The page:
Korea and Canada have resumed negotiations about the recommencement of Canadian beef imports to Korea. The trade was halted in May 2003, following the discovery of BSE in Canada.
The Korean Ministry for Food, Agriculture, Forestry and Fisheries indicated that the technical consultation talks with officials from the Canadian Food Inspection Agency will examine Ottawa’s request to regain full access to the South Korean market in accordance with a World Organisation for Animal Health (OIE) ruling reached in May 2007 (Foodmarket, 2008).
The OIE gave Canada a ‘controlled risk’ classification in May 2007, which technically allows a country to export cuts from animals of all ages as long as specified risk materials (SRM’s) are removed. In November 2007, Korea and Canada failed to reach an agreement regarding the resumption of the beef trade.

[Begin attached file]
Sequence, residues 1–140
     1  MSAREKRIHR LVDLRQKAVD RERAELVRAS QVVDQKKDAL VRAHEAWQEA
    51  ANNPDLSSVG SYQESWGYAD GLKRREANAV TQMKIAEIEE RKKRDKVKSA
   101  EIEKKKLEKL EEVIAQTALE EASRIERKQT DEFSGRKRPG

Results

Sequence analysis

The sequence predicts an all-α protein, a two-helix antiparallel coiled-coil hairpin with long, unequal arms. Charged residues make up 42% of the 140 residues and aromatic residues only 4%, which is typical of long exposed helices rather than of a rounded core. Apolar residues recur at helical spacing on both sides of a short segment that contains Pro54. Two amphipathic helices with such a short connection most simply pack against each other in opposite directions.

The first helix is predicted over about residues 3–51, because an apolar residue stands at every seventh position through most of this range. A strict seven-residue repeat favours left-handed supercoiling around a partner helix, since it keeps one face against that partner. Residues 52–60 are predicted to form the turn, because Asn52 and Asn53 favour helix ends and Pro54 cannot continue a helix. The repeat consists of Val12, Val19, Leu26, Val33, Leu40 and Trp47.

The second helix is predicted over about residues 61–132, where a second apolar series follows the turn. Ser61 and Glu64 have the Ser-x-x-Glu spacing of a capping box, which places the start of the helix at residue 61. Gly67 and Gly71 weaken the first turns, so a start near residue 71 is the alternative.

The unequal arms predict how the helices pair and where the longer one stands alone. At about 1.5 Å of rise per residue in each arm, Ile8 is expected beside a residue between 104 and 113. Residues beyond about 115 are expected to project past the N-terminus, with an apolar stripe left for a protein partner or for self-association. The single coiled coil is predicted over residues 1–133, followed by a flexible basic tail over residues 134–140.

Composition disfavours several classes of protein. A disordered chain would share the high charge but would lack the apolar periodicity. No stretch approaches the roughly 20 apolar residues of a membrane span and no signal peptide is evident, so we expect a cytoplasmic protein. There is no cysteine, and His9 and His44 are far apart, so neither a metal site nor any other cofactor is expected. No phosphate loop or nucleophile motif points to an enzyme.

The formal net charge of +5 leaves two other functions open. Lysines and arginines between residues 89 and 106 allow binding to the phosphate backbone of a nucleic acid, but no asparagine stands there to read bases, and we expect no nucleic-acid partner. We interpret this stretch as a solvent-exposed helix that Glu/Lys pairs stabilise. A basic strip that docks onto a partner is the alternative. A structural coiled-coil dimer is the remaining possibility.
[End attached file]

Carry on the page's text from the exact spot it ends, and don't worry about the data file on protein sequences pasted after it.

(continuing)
If Korea resumes beef imports from Canada, it is expected that only beef cuts from animals less than 30 months of age will be permitted (with SRM’s removed), similar to Korea’s agreement with the U.S. in June 2008.
At the end of November, Korean officials will visit Canadian slaughterhouses to conduct on-site inspections to see the effectiveness of Canada’s food safety and animal health safeguards before finalising any deal (Foodmarket, 2008).
Prior to Korea’s ban on Canadian beef, Canada was the fourth largest beef importer in Korea, behind the U.S., Australia and New Zealand.
Source: Meat and Livestock Australia (MLA)